Missouri is well known as the “Show Me” State, but when it comes to helping schools create emergency operations plans (EOPs), it’s Missouri that has something to show to other states: Missouri 1Plan, an online tool that integrates incident planning, mapping and training.
Missouri 1Plan (demo at http://www.moces.org/MO_1Plan_Overview/OPEN_ME_IN_BROWSER.html; one-pager at http://www.moces.org/files/mo1plan/one_page_MO.pdf) offers online assistance with assessments, training, site mapping and emergency plans, plus a status board and a mobile app. The state worked with a vendor and used U.S. Department of Homeland Security funding to produce the tool, which is offered free to all schools and districts in the state. Since its introduction in January 2015, Missouri 1Plan has grown from 170 initial users to more than 1,500.
John Warner, emergency planning coordinator at the Missouri Center for Education Safety (MOCES), says when he participated in the National Institute of Justice (NIJ) Comprehensive School Safety Initiative Topical Working Group on State School Safety Issues in February 2016, he realized that a number of other states wanted a similar system, and Missouri is willing to share its experience establishing the system with other states interested in developing their own tools.
“Every K-12 school in Missouri has access to the secure portal,” says Warner, a school resource officer for more than 20 years with the Columbia Police Department. “It allows districts that have struggled with how to write an EOP to not only produce one, but to also keep it updated. If your plan is on paper, when you make a change, you have to send a copy of the change around to everyone. With the portal, it automatically sends out an announcement that a change has been made, and administrators get notices that let them know who has read it.”
“You can give law enforcement, fire, EMS and 911 access to look at the plan and see how it relates to their own plans, allowing for community involvement. And Missouri 1Plan lets schools put in their emergency contacts, which teachers and administrators can then pull up using the mobile app,” he adds.
Warner says that even without Missouri 1Plan, larger school districts may already have a strong EOP in place because they’ve been able to afford to hire consultants, but small districts tend to struggle: “We heard this over and over again at the NIJ meeting. Small districts don’t have the manpower and all of the work falls on one person, be it the superintendent, the principal or maybe the football coach. Giving our small districts access to Missouri 1Plan allows them to put a team together and they can learn as they go. I don’t want to say it’s the be-all and end-all, but it seems to work, and it works pretty well.”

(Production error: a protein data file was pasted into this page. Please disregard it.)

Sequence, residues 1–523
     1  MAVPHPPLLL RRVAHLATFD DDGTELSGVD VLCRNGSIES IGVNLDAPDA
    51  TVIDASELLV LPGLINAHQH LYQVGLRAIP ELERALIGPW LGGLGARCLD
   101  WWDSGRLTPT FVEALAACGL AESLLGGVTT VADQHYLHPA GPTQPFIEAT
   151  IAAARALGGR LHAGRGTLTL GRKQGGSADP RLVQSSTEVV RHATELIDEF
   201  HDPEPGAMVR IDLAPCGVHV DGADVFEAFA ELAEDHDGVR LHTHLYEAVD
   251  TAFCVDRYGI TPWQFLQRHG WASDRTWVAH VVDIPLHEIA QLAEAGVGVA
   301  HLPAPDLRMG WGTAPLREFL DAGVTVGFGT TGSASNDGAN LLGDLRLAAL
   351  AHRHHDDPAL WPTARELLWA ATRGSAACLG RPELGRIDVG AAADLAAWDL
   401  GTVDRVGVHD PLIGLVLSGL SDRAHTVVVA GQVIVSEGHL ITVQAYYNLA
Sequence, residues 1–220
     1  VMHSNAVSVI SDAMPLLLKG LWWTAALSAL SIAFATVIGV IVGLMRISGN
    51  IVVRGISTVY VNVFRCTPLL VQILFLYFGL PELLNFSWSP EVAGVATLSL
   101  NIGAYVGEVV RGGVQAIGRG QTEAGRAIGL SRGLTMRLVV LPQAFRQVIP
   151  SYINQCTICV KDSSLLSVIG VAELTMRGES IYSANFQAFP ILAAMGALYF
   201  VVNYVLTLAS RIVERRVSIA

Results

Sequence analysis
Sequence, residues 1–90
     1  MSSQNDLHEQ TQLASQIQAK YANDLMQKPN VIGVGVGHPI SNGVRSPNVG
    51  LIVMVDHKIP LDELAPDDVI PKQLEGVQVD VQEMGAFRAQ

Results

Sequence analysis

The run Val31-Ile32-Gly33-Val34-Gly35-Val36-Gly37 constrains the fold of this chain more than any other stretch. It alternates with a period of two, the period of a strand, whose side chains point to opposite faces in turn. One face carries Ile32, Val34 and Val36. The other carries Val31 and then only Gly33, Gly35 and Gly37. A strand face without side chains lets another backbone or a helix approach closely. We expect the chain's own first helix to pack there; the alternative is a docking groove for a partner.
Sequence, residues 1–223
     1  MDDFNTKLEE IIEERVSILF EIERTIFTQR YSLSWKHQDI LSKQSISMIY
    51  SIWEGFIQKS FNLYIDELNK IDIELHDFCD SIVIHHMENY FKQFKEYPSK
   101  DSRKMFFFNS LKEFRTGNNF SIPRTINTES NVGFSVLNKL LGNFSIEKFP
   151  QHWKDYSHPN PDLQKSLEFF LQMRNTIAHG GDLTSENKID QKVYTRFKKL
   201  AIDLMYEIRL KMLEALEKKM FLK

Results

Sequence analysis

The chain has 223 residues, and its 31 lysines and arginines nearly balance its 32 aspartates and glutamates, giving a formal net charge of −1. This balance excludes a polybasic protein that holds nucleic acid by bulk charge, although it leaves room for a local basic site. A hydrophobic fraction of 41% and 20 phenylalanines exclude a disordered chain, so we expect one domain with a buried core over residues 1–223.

MOCES provides a “customer service” aspect as well, contacting technical support as needed to help schools resolve any issues they may encounter. Warner, however, says the Center has received very little negative feedback, with many districts saying how much better Missouri 1Plan is than what they were using before: “I know some of them had not touched their paper EOPs for five or six years, and this is pretty much like getting off a horse and getting on a rocket ship.”
In addition to positive feedback on the tool in general, schools specifically say that teachers continually ask for an emergency app, because they always have their devices with them whether they’re on the playground, in the cafeteria or on a field trip. Another plus with schools is the robustness and versatility of Missouri 1Plan, which includes elements as varied as radicalization and assessing the school climate to ensuring the school has access to enough shelter in place space in the event of a tornado, from determining whether a school needs more cameras to planning for active threat and other drills.
MOCES staff spreads the word about all those features in various ways, with the most successful being regional workshops that provide lots of face time; Warner says after each of six scheduled workshops, there’s been an increase in Missouri 1Plan use in that local area.
In addition to being willing to share information about Missouri 1Plan with the rest of the country, MOCES also offers an open access, Cloud-based Resource Toolkit on its website (http://www.moces.org/files/toolkit/School%20Safety%20Resource%20Toolkit%20v-8.21.1S.pdf) that includes national resources for law enforcement, administrators, teachers, parents and students in areas such as bullying, public safety, sports injuries, school bus safety, active shooter situations, bomb threats and more: “We wanted school districts to have resource information at their fingertips so they don’t have to sort through search results. We wanted it to be a one-stop shop, and we tell our districts that if they think something is missing, let us know and we’ll research it and put it up there.”